But they’re also prone to cliché. Anyone who has listened to a radio or cd within the past decade knows that synthesized horns and speedy hi hats have become a way of life in Southern hip hop. And J. Rhodes doesn’t appear to be in a rush to buck the trend. Though the lack of innovation or originality doesn’t hinder Sound of Music II’s accessibility, it makes many of the tracks indistinguishable from anything currently in Mannie Fresh’s voluminous catalogue. For instance, despite J. Rhodes’ silky recitation of the hook, “we got speakers, heaters, tweeters, lots of hydro for the chiefers, bootleg liquor by the liter, cross them tracks, you’re bound to see us,” and verses that seamlessly shift from styles resembling M.J.G. to Andre 3K, the aforementioned formula threatens to drown “Personal” in its distinctly southern stew. And “SOM II” is weighed down by Akron Watson’s vocorder enhanced backing vocals which devolve into a series of cringe inducing ad libs that sound as though T-Pain was involved in a horrible car accident.

Carrying an entire city on your back is a difficult burden to bear. Artists bold enough to take on the task must eventually determine whether they should take a chance and stand out from the crowd or blend in with the masses. Until J. Rhodes answers that question, the query of what Dallas has to offer will likely remain unanswered.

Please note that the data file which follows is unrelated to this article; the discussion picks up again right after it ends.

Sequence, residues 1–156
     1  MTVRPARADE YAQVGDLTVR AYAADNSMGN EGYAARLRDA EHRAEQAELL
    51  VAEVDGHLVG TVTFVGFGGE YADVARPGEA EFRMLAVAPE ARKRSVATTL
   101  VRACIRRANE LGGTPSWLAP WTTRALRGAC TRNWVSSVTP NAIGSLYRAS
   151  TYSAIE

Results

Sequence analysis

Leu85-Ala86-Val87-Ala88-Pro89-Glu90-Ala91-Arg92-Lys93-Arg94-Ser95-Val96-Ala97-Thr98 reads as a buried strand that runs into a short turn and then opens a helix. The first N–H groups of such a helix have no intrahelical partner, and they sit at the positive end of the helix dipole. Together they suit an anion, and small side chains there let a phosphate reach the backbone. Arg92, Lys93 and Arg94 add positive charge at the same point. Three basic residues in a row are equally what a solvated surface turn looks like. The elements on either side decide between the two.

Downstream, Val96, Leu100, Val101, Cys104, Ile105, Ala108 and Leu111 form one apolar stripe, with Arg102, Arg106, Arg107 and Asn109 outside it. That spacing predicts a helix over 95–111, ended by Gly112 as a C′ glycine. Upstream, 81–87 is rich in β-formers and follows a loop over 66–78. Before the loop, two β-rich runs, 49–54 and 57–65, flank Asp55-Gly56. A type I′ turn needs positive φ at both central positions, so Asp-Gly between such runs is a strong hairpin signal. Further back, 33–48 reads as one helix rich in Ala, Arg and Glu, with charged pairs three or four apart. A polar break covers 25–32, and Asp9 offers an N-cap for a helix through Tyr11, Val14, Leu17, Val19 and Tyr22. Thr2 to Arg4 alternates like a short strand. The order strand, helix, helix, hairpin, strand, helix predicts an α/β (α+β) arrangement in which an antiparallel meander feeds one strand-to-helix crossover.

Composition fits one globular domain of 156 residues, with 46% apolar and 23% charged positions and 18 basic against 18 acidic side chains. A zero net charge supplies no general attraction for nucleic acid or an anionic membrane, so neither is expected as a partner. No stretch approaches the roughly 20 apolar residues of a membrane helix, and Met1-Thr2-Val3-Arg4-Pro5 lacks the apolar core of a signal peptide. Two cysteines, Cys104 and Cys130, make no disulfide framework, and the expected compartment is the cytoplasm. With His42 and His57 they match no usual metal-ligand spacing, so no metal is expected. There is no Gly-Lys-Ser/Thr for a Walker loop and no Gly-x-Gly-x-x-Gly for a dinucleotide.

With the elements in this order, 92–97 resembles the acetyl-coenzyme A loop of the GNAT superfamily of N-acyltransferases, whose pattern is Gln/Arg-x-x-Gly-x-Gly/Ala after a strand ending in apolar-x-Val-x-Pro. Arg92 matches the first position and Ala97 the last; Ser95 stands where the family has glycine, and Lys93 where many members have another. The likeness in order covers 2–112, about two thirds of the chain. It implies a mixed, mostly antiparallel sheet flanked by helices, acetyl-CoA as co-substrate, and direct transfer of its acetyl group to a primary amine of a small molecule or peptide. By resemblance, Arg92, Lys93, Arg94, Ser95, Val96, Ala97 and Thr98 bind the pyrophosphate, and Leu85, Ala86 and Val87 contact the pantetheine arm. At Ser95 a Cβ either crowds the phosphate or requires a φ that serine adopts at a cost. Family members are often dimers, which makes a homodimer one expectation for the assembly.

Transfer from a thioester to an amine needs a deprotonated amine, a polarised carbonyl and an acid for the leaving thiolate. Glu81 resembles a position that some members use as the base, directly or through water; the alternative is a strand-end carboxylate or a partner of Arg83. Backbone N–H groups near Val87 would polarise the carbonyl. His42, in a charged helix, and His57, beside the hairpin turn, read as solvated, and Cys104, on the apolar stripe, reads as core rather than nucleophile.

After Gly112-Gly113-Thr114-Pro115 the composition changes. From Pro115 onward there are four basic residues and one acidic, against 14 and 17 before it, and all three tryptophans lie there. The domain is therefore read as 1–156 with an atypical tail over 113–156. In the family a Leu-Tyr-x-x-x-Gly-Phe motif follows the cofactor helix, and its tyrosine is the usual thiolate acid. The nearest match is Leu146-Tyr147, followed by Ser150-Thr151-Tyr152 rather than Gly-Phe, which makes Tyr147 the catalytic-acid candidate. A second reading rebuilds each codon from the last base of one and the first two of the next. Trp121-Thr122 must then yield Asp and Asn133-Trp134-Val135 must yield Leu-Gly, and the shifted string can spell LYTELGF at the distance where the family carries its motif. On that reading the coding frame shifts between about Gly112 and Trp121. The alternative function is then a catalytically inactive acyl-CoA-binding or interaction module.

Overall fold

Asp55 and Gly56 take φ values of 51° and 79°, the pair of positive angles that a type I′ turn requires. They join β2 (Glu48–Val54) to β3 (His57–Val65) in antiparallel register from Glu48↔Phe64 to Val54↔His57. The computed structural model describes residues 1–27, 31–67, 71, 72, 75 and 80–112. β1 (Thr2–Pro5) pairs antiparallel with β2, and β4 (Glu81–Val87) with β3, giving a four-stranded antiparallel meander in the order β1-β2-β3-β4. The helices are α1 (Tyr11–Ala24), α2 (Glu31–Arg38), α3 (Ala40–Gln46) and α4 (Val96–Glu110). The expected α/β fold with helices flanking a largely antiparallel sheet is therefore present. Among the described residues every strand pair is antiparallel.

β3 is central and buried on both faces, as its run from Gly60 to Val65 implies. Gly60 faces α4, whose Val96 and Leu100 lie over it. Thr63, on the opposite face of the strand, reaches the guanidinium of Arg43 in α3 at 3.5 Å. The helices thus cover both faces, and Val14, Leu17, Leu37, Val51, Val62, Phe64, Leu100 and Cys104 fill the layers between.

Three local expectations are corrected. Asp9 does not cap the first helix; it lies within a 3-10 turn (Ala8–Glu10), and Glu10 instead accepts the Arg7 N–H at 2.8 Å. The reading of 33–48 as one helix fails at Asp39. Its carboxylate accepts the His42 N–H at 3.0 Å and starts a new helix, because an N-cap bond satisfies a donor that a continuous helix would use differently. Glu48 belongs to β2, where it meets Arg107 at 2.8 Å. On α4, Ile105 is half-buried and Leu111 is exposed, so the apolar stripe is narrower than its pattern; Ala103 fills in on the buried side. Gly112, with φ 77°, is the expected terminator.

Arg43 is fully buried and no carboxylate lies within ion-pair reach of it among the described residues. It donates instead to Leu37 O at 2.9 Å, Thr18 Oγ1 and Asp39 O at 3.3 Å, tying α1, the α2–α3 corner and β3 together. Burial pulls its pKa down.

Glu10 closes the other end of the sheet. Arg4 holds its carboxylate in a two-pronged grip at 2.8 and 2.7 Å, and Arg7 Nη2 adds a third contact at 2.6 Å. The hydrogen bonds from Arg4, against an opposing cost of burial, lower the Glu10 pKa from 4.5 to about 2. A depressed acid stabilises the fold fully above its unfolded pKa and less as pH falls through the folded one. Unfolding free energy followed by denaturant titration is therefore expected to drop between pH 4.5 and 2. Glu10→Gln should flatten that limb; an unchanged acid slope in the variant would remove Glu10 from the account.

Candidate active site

- Adam Roussell - O.K. Player


Discography

Sound of Music 1. S.O.M II. 80s Baby Ent Sick tape. I have tracks streaming on internet radio shows such as "young h goes in" Also type in J.Rhodes in Itunes to purchase my work.

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Bio

Hip Hop Based, but Southern Rap to the core. In the mold of Outkast , Goodie Mob but also T.I and Scarface. I am a producer by trade so my beats and lyrics naturally mesh well with each other. Kanye "South" is my nickname. lol. Just love music and I tell my story, this I am most proud of. Telling my story is what indeed sets me apart from other artist. When you are true to yourself and speak from your experiences then naturally your music will sound different. Could go on and on but I would loooooove for my music to do the talking. I'm long winded and I may shut your website down. lol. So serious.